It’s Easier Than You Think
While there’s no way to completely prevent identity theft, there are some simple steps you can take to make it much harder for criminals to get a hold of your information. And, if they do manage to get your information, we have some tips you can implement to reduce the impact fraudsters can have.
First, Let’s Talk About Equifax
On July 29th 2017, Equifax discovered that hackers had accessed files between mid-May through to July. They obtained consumers’ names, social insurance numbers, birth dates, addresses, credit card information, and driver’s license numbers: all pertinent information that can be used to steal your identity.
While Equifax claim they acted immediately to stop the vulnerability in their system and reported the hack to law enforcement they waited six weeks to disclose the crime to it’s customers.
What’s the Significance of Those 6 Weeks to You?
Those six weeks are important, because if someone steals your information, they can impersonate you. This means they can open bank accounts, lines of credit, new credit cards, and drivers’ licenses all in your name. They can take out a prescription using your identity which can affect your ability to get treatment in the future, especially if the medicine they received counteracts yours.
If they get a speeding ticket or run a red light while using your driver’s license, you’re responsible and when they inevitably don’t pay the ticket, a warrant will go out for your arrest. They can even pin their crimes on you.
As you can see, the earlier you realize that your identity has been stolen, the less mess there will be for you to clean.
The scary thing is, most people don’t even realize that their identity has been stolen until it becomes a roadblock to them. It’s like rust, the longer it goes unchecked, the deeper it can penetrate making it increasingly difficult to undo the damage.
Suffice it to say, a hacker can accomplish a lot in six weeks.
What Can You Do to Protect Your Identity?
Even if you weren’t affected by the Equifax hack, you and your business are still vulnerable to attack. Here are 5 simple things you can do to protect yourself:
1. Consistently Monitor Your Credit and Accounts
It’s important to check your credit score to see if there has been any unusual activity. You can check with Equifax Canada and TransUnion Canada and if you see a drop in your credit rating, you’ll know something might be up.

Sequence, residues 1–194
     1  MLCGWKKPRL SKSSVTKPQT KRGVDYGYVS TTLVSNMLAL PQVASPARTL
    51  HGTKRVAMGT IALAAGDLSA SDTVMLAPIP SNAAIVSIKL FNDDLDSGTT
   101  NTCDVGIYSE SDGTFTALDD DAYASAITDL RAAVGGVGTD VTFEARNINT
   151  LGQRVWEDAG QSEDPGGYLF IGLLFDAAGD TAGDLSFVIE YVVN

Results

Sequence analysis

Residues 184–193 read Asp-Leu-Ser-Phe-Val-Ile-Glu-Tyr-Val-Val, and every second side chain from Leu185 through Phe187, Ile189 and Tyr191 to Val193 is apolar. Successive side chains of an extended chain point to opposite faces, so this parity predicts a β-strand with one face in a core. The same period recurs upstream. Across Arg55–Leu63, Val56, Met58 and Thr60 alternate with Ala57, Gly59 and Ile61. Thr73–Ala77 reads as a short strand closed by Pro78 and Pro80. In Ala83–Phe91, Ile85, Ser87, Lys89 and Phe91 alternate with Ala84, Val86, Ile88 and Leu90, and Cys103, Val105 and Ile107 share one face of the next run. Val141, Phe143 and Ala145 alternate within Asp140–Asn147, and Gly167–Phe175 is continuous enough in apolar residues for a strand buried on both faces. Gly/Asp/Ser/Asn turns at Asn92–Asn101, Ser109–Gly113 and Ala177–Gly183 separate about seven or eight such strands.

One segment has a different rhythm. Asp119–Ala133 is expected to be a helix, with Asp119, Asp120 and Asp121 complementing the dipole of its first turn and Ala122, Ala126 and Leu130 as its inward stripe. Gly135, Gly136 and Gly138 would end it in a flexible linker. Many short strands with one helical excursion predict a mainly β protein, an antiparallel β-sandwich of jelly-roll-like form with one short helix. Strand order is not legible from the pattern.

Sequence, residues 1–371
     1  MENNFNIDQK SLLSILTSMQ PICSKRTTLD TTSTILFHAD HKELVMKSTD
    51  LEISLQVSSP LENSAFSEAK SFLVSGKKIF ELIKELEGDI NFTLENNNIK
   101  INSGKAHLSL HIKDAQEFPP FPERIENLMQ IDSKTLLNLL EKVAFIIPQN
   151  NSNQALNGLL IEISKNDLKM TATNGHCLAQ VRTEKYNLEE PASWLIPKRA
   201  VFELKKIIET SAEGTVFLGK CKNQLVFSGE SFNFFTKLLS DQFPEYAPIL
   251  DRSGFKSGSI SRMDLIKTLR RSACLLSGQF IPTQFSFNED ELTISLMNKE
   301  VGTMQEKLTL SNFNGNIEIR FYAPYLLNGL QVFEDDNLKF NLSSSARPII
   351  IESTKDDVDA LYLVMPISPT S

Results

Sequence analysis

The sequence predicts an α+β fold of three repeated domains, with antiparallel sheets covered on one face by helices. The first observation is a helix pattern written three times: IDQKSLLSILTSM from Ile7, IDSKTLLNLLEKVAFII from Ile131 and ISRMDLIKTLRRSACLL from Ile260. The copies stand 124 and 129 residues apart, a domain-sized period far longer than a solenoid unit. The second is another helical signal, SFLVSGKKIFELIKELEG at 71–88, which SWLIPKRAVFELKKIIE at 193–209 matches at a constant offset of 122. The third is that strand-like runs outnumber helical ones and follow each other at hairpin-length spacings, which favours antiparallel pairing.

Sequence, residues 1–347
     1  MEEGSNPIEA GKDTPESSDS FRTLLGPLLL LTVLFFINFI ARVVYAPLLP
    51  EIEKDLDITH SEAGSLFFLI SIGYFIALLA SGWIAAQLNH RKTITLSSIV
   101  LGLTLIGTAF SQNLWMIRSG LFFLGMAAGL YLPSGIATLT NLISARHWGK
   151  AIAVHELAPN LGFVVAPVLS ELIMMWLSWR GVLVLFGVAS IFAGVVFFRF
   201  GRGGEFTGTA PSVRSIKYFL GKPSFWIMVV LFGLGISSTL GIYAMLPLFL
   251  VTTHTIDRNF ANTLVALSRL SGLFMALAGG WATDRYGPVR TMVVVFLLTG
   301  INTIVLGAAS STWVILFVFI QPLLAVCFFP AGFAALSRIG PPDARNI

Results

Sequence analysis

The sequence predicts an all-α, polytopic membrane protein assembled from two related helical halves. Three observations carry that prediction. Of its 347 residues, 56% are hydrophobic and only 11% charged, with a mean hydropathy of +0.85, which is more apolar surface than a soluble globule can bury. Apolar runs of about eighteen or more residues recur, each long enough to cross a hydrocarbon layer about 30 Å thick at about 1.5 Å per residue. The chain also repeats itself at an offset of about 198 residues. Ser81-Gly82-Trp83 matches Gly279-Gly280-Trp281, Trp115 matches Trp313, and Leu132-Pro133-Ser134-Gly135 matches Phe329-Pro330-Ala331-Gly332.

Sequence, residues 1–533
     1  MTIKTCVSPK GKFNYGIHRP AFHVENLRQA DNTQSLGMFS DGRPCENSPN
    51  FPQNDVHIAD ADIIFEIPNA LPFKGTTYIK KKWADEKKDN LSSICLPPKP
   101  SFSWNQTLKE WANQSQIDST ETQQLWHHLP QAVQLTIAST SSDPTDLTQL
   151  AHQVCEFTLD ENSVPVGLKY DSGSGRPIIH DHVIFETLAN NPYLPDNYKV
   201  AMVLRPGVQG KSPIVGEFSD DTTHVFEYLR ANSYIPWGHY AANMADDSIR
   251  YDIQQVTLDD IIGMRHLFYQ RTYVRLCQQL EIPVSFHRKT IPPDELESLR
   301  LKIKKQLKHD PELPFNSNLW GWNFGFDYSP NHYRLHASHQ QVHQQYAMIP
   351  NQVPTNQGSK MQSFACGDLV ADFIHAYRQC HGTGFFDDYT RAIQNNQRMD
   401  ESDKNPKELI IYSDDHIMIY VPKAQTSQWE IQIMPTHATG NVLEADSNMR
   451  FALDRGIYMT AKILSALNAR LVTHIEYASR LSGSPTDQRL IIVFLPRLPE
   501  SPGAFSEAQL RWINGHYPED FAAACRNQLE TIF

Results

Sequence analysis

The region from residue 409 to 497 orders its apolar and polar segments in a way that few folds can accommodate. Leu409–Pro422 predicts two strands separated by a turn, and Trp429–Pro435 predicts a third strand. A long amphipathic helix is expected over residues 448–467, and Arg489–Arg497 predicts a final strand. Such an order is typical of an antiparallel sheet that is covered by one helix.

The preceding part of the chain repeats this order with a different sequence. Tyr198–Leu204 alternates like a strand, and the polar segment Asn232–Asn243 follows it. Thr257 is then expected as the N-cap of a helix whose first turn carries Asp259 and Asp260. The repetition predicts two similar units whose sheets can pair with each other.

Online banking makes it easy to check your accounts and many banks offer a service that sends an email and text alerts whenever there is activity in your account.
When you’re monitoring your accounts, don’t just look for large, obvious purchases. A common tactic of criminals is to make small $5 to $10 purchases to see if anyone notices.
2. Keep Your Business and Personal Finances Separate
Don’t use your personal credit cards for business purchase. If you do, and your business account is compromised, you may have inadvertently compromised your personal accounts or vice versa by associating the two.
3. Watch Out for Phishing Scams
Phishing scams are aimed at tricking you into divulging your personal information such as your social security number. If you receive such an email or phone call, be sure to notify your bank’s fraud department. As well, don’t reply to the email or click on any links. If you do, you could be directed to a phony website or have spyware installed on your computer.
If you think an email or phone call is part of a phishing scheme, try contacting the company through their official website. Again, find this contact information by searching online and not from an email.
4. Log in to Your Accounts Only From a Secure Access Point
- Don’t log into your business accounts in public access points or Wi-Fi hotspots.
- Install anti-malware, anti-virus, and internet security software to protect yourself from invasions such as Trojans.
- Scan for available updates no less than once a week to ensure your computer is protected from any new known vulnerabilities.
- Enable a firewall to protect your computer from intrusion attempts and malicious code attacks.
- Secure your home and business Wi-Fi to keep unauthorized people from gaining access. Remember, your average Wi-Fi signal can potentially extend hundreds of feet beyond your building.
- Use a different password for each account and make them complex by using numbers, upper and lower case letters, spaces, and special characters.
- Don’t use your business computer for casual internet surfing, social networks, online gambling, downloading programs, or checking email which could lead to your computer becoming infected with viruses or spyware.
- Limit access to this computer to only those who need it to do their job.
5. Put a Notification on or Freeze Your Credit
If you’re worried that you’ve been the victim of identity theft, you can put an alert on your credit reports so that you are notified before a line of credit can be opened in your name.
If you know you’ve been the victim of fraud, a more drastic option is to put a freeze on your credit to immediately stop any further illegal movement.
It might seem daunting to conduct your business in the midst of the cyber threats we keep hearing about, but there are ways to protect yourself even when you’re buying heavy equipment. If you use equipment leasing through Thomcat Leasing, we will work with you as another protection against fraudsters.
We’ll perform lien checks on the equipment and contact the seller. If something is amiss, our trained staff will know. And the best part, because we take care of the exchange you don’t have to worry about risking your own money.
We work with you to offer low, flexible payments that will work with your unique business rhythms. Click here to request a 60 second lease estimate and see just how affordable your payments can be.